ELECTRIFICATION, upgrading the West Coast Main Line (WCML) north of Crewe to make the best use of the new HS2 railway and assessment of the East Coast rail corridor have been recommended by Sir Peter Hendy in his Union Connectivity Review for the British government.
The review was commissioned by the government to investigate how to improve connections between England, Scotland, Wales and Northern Ireland. None of the recommendations are costed. Hendy is the chairman of British infrastructure manager Network Rail.
Hendy says journey times between London and Scotland using HS2 services that would join the WCML could be as short as three hours, which would increase rail’s modal share from 29% to around 75%.
Improving journey times on the North Wales Coast Main Line from Manchester and Liverpool to Holyhead and electrifying the line west of Crewe along the coast are recommended. Introducing better rail links from Cardiff to the Midlands and beyond is also suggested. The review states that of all the major British cities, Cardiff has the fewest direct rail connections.
Upgrading the railway on the Northern Ireland corridor is recommended along with improving rail links to airports in Northern Ireland. Arup has been tasked by both the Northern Ireland and Republic of Ireland governments with conducting the All Island Strategic Rail Revenue to explore improving the existing network and increasing line speeds as well as identifying possible new lines.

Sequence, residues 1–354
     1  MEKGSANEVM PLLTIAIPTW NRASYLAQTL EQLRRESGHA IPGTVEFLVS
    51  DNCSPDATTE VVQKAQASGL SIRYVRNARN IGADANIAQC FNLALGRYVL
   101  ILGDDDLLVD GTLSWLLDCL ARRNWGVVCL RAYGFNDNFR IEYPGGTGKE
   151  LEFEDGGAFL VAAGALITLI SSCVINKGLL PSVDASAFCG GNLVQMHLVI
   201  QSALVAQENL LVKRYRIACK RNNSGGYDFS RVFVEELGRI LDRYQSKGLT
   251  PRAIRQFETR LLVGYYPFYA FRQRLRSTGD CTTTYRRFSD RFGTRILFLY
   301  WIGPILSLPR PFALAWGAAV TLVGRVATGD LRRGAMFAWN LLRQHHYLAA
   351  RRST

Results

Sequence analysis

Hendy says reopening closed lines should also be explored along with
Better rail connections to airports in Northern Ireland are recommended as is improving connectivity for railfreight across the UK to ports and freeports as they are established. This would include increasing clearances for W12 gauge trains.
“Transport connectivity is vital to economic growth,” Hendy wrote in the Forward for the review. “Building back better and levelling up will be hugely assisted by better connectivity between the nations of the United Kingdom.”
He added that devolution has been good for transport where delivery has bene devolved, but that has also resulted in a lack of attention to connectivity between the nations within Britain.
Hendy also says that by leaving the European Union and its Trans-European Network (TEN-T) there is the opportunity to create UKNET - a strategic transport network for Britain “which, with funding and regular review, can much better serve the overall economic and social needs of Britain.”
The review recommends that “where journeys are too long to be reasonably taken by road or rail, the government should reduce the rate of domestic aviation tax.”
Hendy concludes by saying: “it is now for the government to consider these and decide how to take them forward.”
British prime minister Mr Boris Johnson described Hendy’s review as an “inspiring vision” which the government will now consider carefully.
“It is good to see mention of upgrade schemes, such as the WCML and North Wales Coast Line electrification, as well as improving rail links in Northern Ireland, across the Midlands, and on the East Coast of England,” says Mr Darren Caplan, Railway Industry Association chief executive.
“If implemented, the projects listed in the Union Connectivity Review will mean that lives and livelihoods can prosper across administrative borders, and that people can reach the jobs, healthcare and education they need to succeed,” says Ms Maria Machancoses, Midlands Connect CEO.
For detailed data on infrastructure projects in Britain, subscribe to IRJ Pro.